Book Image

Linux Networking Cookbook

By : Agnello Dsouza, Gregory Boyce
5 (1)
Book Image

Linux Networking Cookbook

5 (1)
By: Agnello Dsouza, Gregory Boyce

Overview of this book

Linux can be configured as a networked workstation, a DNS server, a mail server, a firewall, a gateway router, and many other things. These are all part of administration tasks, hence network administration is one of the main tasks of Linux system administration. By knowing how to configure system network interfaces in a reliable and optimal manner, Linux administrators can deploy and configure several network services including file, web, mail, and servers while working in large enterprise environments. Starting with a simple Linux router that passes traffic between two private networks, you will see how to enable NAT on the router in order to allow Internet access from the network, and will also enable DHCP on the network to ease configuration of client systems. You will then move on to configuring your own DNS server on your local network using bind9 and tying it into your DHCP server to allow automatic configuration of local hostnames. You will then future enable your network by setting up IPv6 via tunnel providers. Moving on, we’ll configure Samba to centralize authentication for your network services; we will also configure Linux client to leverage it for authentication, and set up a RADIUS server that uses the directory server for authentication. Toward the end, you will have a network with a number of services running on it, and will implement monitoring in order to detect problems as they occur.
Table of Contents (19 chapters)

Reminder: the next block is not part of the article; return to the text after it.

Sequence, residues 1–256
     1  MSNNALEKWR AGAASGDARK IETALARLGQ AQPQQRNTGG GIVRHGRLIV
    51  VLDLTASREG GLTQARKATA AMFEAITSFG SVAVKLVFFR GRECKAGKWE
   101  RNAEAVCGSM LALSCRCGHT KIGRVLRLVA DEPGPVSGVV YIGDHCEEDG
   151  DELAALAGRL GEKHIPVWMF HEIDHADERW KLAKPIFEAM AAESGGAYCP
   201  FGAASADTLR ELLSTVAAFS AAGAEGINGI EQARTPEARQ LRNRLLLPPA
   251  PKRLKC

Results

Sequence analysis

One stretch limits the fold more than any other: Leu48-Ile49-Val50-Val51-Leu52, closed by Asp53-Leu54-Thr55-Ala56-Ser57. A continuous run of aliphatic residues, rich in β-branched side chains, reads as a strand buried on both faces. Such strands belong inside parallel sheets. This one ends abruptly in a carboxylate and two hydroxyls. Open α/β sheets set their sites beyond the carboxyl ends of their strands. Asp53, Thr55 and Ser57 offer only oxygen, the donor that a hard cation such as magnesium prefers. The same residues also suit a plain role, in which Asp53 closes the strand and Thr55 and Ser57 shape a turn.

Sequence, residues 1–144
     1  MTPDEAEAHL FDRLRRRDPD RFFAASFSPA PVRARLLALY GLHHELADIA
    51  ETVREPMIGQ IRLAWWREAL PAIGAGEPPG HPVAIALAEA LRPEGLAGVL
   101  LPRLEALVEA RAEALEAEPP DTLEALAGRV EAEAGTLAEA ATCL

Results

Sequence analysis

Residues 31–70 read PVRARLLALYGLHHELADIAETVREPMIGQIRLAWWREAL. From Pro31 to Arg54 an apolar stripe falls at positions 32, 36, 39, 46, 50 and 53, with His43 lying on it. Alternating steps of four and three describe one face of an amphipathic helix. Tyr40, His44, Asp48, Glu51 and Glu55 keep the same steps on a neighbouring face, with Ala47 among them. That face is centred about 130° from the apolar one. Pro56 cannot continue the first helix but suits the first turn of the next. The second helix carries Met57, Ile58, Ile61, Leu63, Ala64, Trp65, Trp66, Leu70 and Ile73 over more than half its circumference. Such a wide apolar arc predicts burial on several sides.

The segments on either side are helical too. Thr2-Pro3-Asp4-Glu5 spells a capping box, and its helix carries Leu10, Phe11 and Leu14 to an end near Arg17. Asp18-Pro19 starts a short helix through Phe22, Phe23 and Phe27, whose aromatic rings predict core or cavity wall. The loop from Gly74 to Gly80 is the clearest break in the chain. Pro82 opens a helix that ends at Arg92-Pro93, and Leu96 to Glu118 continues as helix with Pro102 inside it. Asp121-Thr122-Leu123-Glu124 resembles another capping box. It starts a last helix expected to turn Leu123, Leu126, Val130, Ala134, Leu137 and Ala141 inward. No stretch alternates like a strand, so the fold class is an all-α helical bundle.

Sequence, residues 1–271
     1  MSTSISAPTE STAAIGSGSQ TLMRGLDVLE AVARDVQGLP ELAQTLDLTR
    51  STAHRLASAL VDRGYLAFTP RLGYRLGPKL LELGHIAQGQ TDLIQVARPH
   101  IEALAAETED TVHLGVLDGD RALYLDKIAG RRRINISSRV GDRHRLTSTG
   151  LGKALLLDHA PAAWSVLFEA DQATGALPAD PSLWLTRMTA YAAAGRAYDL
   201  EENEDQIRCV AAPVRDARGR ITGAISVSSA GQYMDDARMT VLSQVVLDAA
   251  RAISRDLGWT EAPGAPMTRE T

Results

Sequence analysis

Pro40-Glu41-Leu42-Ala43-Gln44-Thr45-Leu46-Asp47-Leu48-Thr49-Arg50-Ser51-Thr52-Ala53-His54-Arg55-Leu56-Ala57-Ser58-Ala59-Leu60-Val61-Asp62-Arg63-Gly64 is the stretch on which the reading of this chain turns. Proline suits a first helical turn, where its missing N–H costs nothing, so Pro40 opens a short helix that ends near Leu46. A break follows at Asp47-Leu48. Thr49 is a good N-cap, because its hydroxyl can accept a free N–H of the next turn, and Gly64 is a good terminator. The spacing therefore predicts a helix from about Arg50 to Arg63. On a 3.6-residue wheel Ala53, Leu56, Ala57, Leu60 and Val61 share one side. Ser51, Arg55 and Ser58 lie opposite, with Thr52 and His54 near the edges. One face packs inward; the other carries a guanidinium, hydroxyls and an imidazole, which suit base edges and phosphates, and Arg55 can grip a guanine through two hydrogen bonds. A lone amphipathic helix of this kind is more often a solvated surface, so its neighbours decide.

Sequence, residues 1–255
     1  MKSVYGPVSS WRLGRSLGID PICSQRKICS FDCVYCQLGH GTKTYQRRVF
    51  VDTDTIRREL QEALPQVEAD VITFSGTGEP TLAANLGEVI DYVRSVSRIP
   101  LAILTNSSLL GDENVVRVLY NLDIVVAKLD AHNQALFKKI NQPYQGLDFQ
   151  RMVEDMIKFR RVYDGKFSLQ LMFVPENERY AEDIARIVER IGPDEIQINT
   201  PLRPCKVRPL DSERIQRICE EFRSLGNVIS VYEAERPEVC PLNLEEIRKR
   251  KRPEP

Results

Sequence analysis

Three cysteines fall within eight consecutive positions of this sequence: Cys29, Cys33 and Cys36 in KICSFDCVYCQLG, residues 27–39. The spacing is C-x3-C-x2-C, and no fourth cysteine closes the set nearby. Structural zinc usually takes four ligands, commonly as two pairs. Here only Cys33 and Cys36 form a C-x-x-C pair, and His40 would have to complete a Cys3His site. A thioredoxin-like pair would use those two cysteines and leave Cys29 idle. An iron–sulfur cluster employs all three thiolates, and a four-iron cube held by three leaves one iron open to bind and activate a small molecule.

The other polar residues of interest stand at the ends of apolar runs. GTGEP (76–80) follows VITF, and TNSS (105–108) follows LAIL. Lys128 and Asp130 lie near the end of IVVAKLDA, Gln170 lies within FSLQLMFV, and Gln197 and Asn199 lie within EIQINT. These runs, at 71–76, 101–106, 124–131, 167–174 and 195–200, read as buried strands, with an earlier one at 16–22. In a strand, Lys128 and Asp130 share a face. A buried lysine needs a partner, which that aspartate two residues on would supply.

Linux Networking Cookbook
About the Author
About the Reviewer

Setting up the physical network

Before we start configuring the networking within Linux, we need to physically connect the systems. The simplest configuration involves connecting the two computers with a single cable, although connecting them to a switch may make more sense for additional expansion. Once physically connected, we need to confirm that they are working as expected.

How to do it…

On each Linux system, use the ip command to check for a network link as shown:

# ip link set dev eth0 up
# ip link show eth0
2: eth0: <BROADCAST,MULTICAST,UP,LOWER_UP> mtu 1500 qdisc pfifo_fast state UP mode DEFAULT group default qlen 1000
    link/ether 00:0c:29:6e:8f:ab brd ff:ff:ff:ff:ff:ff

Some people may choose to use ethtool, mii-tool, or mii-diag to perform the same action.

Make sure to run the same command on both the systems, especially if you're connecting to a switch rather than directly connecting the two systems.

How it works…

The first command brings up the network interface card (NIC). This activates the interface and allows it to start the process to check for a network link or electrical connection between the two systems.

Next, the show command gives you a bunch of information about the link. You should see a state showing UP. If it shows DOWN, then you have a link issue of some sort. This could be a disconnected/bad cable, a bad switch, or you forgot to bring up the network interface.